Akatsuki no Yona Series Review


Akatsuki no Yona Overview:

In Akatsuki no Yona, Yona has lived the sheltered life of a Princess but when her father is killed she is forced on the run with only her childhood friend (bodyguard) Hak for protection. Together the two are forced to seek out the four dragons from legend, and that’s all I’ve got.

Akatsuki no Yona Review:

Definitely spoilers for the anime here.

Here’s the thing with Akatsuki no Yona as an anime: it’s amazing. The story is compelling and the characters are fascinating. There’s some rich world building (of an admittedly slightly clichéd fantasy world) and it is full of history and feels compelling. All of this should leave you with a near perfect anime.

However, what is Yona going to do once she gathers the dragons? Um, we don’t know (from the anime) and having gathered them and being asked by one of the dragons what her intention is we then conclude the final episode with her fighting an external enemy to the kingdom. But what is her long term plan? What happens next? Don’t know.


I am writing this review after a re-watch of the series but I’m left with the same impression as I was after the first viewing. This whole series feels like an introduction to a much grander story that currently does not exist as an anime. Just as you finally meet the last of the dragons, the story ends. Nothing is done with them.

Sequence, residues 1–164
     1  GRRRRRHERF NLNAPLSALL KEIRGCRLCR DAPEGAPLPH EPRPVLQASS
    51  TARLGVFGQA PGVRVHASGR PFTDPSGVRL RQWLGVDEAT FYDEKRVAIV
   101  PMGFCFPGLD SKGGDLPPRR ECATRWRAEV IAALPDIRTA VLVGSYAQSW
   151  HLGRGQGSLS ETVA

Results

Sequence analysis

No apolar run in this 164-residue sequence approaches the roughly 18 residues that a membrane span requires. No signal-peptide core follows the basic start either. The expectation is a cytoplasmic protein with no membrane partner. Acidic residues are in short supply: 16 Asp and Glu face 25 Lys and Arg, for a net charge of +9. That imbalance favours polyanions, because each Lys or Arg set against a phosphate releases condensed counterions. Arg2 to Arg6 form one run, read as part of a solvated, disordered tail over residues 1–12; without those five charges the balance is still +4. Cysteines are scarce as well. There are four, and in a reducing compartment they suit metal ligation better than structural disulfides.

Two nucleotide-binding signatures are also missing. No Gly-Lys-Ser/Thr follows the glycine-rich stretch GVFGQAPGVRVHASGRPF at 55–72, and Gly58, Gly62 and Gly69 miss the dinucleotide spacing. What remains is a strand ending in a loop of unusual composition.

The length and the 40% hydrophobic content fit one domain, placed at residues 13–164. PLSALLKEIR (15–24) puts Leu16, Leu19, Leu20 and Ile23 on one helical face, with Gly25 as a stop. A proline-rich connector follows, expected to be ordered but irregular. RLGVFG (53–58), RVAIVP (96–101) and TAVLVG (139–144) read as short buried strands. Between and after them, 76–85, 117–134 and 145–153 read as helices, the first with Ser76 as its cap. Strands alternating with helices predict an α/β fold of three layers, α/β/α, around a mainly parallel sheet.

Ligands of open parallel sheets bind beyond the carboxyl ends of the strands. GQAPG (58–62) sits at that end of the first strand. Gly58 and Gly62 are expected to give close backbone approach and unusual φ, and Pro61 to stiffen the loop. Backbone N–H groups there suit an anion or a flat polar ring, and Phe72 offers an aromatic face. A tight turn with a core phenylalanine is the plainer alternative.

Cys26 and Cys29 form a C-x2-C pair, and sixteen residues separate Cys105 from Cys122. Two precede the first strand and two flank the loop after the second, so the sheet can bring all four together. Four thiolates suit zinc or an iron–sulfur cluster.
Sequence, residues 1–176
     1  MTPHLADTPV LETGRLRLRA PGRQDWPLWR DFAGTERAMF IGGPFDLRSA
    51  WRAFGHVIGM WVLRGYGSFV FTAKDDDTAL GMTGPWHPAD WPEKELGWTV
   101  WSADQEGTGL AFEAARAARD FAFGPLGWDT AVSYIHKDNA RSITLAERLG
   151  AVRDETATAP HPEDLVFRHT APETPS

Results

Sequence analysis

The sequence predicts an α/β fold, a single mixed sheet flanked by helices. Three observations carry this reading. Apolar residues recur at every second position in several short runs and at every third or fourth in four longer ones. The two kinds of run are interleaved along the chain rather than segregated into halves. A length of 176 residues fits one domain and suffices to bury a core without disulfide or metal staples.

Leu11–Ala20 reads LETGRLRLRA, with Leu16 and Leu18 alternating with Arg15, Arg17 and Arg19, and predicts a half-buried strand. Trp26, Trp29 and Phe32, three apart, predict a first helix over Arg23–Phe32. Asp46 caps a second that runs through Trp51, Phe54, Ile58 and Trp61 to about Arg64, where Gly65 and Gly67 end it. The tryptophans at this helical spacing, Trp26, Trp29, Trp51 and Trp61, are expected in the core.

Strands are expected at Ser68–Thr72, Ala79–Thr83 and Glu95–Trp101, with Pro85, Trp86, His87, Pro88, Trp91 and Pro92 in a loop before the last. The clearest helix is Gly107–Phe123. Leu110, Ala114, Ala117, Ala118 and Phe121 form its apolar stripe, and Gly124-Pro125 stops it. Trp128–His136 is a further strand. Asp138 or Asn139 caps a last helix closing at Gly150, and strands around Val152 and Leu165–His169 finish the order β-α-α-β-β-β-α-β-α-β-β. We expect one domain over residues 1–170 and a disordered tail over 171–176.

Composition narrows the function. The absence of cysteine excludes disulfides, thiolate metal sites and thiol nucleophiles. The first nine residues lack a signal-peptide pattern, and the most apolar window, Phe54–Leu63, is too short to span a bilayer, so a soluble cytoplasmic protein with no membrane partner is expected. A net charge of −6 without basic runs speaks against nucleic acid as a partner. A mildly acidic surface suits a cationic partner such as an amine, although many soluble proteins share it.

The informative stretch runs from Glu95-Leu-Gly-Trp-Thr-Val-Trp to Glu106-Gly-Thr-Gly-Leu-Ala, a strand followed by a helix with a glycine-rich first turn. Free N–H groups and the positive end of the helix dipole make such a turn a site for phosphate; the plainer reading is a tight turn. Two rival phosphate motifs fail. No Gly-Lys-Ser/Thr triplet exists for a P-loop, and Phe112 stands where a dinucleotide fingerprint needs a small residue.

That said, if you view this as a story about Yona moving beyond being a sheltered princess then her character is realised very well. She has a catalyst for change that is about as genuine as it comes and her character change is slow and not without setbacks. In fact, every development she has is as a logical response to events in the story. So from this point of view you could view the ending as adequate because she has now become who she was supposed to be.


For me though, I still felt Yona was incomplete. She’s come a long way and it has been a joy travelling with her and seeing her fail, succeed, grow and second guess herself. But without knowing what her future plans are it is almost impossible to know if she’s reached the end of her transition as a character and whether she now can face her future.

The other thing that really bothers me is that so much of the story was triggered by the King’s decision to not take up weapons. While this is a central part of the plot and the King’s character, we never get to find out what made him act in this way. We know he wasn’t a coward or a fool (that is made clear) but we don’t know what actually made him tick or what his motive was.

Because of this, we don’t really know whether the coup was justified or not and we don’t really know if Yona taking up weapons is ultimately going to be a massive slap in the face of everything the King tried to create.


However, with the exception of the ending feeling totally unfinished, this is a truly beautiful anime.

The opening themes are striking and really set the tone. I particularly liked the first opening as it kind of felt like the story was being told entirely through the music and I could just close my eyes and really get drawn into it.